It's natural to be worried if your scan suggests that there's a problem with your baby. Sometimes a clear diagnosis can be made from the scan, such as for spina bifida.
The scan may show minor changes (variants) that are usually nothing to worry about. Occasionally, though, these can be a sign of something more serious, such as Down's syndrome.
If the sonographer finds anything unusual during the scan, she should refer you to a doctor within 24 hours. If necessary, you'll be seen by a fetal medicine specialist, usually within three days to five days？
Once you've been referred, the doctor may offer to carry out a further test, such as CVS or amniocentesis. These can give you a definitive answer as to whether or not your baby has a chromosomal abnormality such as Down's syndrome. However, they do carry a small risk of miscarriage, which is why an ultrasound is always carried out first.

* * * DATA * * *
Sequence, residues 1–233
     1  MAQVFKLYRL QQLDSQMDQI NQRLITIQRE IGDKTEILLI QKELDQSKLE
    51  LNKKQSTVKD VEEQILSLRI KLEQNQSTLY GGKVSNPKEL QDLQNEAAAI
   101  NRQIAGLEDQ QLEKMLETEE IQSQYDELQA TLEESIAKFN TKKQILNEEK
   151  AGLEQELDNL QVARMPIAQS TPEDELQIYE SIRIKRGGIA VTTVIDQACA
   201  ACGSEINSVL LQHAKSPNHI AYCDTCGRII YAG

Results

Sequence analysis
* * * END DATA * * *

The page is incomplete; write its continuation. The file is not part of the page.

If a scan reveals a serious problem, you should be given plenty of support to guide you through all the options. Although serious problems are very rare, some families are faced with the difficult decision about whether to continue with the pregnancy.
Other problems may mean a baby needs surgery, either after birth or while in the womb. Or you may need to prepare for the possibility of your baby needing special care when he's born. There will be a whole range of people to support you through it, including midwives, obstetricians, paediatricians, physiotherapists, and the hospital chaplain.
For more support, contact the Medsinglong Global Group Co.,Ltd.(MSL).
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